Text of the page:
• Discusses how food can be used as a means to communicate with people with dementia and how food refusal can be an important form of communication
  • Guides on how to stimulate the senses to promote necessary activities such as eating in dementia sufferers
  • Discusses common problems experienced by dementia sufferers including noise, stress and visual impairments and how these effect food intake

Food is essential to life and is one of life's great pleasures, but eating and nutrition can be problematic and a source of stress to people with dementia and those who care for them. This chapter considers the factors that play a part in this problem and suggests some practical approaches for alleviating difficulties.

Contents include

  • Communication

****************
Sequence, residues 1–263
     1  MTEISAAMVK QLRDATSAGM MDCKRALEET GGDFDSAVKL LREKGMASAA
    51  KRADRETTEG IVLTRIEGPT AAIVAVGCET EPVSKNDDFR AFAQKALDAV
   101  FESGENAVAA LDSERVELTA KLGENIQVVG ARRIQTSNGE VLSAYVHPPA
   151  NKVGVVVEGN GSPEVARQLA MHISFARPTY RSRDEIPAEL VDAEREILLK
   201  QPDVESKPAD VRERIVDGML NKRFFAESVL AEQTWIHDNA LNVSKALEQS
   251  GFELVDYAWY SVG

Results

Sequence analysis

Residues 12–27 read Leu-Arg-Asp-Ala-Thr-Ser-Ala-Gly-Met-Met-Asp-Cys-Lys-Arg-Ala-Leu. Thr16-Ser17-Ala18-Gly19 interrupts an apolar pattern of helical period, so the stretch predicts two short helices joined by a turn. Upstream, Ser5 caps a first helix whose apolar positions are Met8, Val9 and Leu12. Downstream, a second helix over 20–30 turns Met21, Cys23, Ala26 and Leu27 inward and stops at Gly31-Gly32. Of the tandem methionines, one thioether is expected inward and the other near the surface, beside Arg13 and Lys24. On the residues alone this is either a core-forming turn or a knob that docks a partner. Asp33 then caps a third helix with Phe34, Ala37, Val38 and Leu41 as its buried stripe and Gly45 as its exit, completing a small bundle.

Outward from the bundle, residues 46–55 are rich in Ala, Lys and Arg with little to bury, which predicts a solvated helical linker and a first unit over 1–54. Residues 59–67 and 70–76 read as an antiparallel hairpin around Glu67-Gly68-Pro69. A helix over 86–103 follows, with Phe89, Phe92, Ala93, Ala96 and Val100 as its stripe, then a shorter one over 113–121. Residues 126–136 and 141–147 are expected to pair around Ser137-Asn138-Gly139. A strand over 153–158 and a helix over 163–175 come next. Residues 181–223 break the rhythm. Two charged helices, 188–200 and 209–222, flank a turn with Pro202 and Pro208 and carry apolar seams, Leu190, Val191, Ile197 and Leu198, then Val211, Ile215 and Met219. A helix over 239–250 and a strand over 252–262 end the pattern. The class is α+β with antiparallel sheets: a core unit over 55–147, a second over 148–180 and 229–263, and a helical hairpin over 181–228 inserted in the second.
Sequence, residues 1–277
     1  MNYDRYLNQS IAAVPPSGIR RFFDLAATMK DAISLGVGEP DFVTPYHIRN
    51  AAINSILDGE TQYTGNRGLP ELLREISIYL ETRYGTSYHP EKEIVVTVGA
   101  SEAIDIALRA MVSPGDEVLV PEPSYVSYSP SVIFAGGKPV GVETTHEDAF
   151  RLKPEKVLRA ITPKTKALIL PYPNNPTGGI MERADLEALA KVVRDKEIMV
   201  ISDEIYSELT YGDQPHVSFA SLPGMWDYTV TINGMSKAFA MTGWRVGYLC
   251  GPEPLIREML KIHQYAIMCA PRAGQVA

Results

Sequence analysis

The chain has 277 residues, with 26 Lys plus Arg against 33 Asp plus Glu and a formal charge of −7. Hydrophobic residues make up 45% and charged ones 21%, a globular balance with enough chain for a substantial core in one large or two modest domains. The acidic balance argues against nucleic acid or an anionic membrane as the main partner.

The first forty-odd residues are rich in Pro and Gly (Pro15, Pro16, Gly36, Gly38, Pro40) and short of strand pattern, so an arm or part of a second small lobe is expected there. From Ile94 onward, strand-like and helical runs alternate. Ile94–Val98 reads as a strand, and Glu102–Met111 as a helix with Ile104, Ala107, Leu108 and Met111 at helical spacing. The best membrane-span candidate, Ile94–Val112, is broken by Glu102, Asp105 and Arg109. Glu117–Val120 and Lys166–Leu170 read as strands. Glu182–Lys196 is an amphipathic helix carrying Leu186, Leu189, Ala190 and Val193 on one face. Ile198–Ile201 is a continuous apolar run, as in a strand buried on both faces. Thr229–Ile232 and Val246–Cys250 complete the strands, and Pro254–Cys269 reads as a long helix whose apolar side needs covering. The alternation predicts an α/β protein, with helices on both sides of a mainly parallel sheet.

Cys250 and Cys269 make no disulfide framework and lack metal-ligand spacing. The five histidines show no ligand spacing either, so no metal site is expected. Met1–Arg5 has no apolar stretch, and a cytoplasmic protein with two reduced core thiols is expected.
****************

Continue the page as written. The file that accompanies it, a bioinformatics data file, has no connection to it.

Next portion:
• Lack of cues
    • Aroma
    • Visual cues
    • Touch
    • Taste
    • Hearing
  • Noise
  • Stress
  • Drugs
  • Visual impairments
  • Sore mouth
  • Brain damage
  • Profound disability
  • Staffing issues
    • Lack of ownership
    • Education of other staff
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Author / Editor Biographies

Mary is the director of the Dementia Services Development Centre at the University of Stirling (Scotland). The centre, which began in 1989, extends and improves services for people with dementia by providing information, consultancy, training, research, conferences and publications for staff and volunteers in all aspects of dementia care. Mary has worked with older people as a social worker, researcher, teacher and manager for more than thirty years. She is the author of several books on working with older people and people with dementia. In the field of dementia care, Mary's special interests...

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